In a random turn of events, it looks like 'Material Girl' herself, Madonna, is poised to perform at this year's Eurovision song contest.
*UPDATE* According to BBC Newsbeat, the European Broadcasting Union has said that no final decision on guest performers or interval acts have yet been made.
Madonna at Eurovision statement to @BBCNewsbeat:
The EBU can confirm that no final decisions have been made, or agreements signed, regarding the interval acts and potential guest performers for Eurovision Song Contest 2019.
— Daniel Rosney (@DanielRosney) April 9, 2019
Original story to follow.
The 2019 Eurovision is set to be hosted in Tel Aviv, Israel in May of this year. And it looks like a politically-charged Madonna is set to perform.
According to reports from Variety, Madonna will perform two songs at the grand final on Saturday, May 18th. It's likely she will perform a classic song from her back catalogue, as well as a single from her new album, due to release later this year. It's believed that her new track has a political message, so how well that goes down in Tel Aviv is anyone's guess.
Not only that, but the iconic singer is also set to make a huge amount of money from her appearance at the world's biggest singing event. The star has apparently been quoted a staggering $1 million for the show, with 160 people in tow as part of her entourage.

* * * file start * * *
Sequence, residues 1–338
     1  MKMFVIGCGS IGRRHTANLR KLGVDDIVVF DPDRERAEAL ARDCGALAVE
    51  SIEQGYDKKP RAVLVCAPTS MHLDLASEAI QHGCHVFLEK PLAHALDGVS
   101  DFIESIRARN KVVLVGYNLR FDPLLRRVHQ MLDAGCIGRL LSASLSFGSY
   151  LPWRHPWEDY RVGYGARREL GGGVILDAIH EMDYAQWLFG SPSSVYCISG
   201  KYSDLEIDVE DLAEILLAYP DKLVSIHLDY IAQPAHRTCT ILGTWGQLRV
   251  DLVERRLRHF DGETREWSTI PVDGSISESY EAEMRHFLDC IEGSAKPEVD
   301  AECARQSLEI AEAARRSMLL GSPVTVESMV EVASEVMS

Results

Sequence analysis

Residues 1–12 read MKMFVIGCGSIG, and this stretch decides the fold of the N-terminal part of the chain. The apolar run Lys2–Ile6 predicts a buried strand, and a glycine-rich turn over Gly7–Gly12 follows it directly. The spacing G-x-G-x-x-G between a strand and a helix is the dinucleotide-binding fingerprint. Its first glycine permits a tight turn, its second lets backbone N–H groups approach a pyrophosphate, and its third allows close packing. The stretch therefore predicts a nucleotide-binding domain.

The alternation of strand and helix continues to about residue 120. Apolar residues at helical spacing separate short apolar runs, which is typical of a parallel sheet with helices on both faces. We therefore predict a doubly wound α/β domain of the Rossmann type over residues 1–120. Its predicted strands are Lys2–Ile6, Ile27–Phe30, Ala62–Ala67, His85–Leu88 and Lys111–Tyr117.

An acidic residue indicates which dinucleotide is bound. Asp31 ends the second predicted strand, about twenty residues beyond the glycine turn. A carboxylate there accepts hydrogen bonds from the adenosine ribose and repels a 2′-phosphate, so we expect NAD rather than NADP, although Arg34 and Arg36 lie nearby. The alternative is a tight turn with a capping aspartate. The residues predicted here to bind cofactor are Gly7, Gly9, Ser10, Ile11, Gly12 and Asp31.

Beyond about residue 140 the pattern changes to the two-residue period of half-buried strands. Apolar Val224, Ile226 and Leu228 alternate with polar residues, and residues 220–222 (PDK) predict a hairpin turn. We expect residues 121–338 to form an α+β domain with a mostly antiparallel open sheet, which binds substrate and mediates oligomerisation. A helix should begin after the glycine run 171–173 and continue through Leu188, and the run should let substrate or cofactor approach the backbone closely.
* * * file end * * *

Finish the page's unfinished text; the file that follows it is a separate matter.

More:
This year's song contest has come under fire since it was announced that Israel will host. Due to the event taking place in such a politically-charged and religious area involved in conflict, many political parties and activists have called of boycotting the event. This year's Eurovision is also believed to be the most expensive contest yet.
41 countries will be participating, including our very own Sarah McTernan with her song '22' for Ireland. With a theme of "Dare to Dream", McTernan will be hoping to qualify for this year's final following her semi-final performance, due to take place on Thursday, May 16th.
Here's last year's winner Netta Barzilai with her chicken-clucking tune, 'Toy'.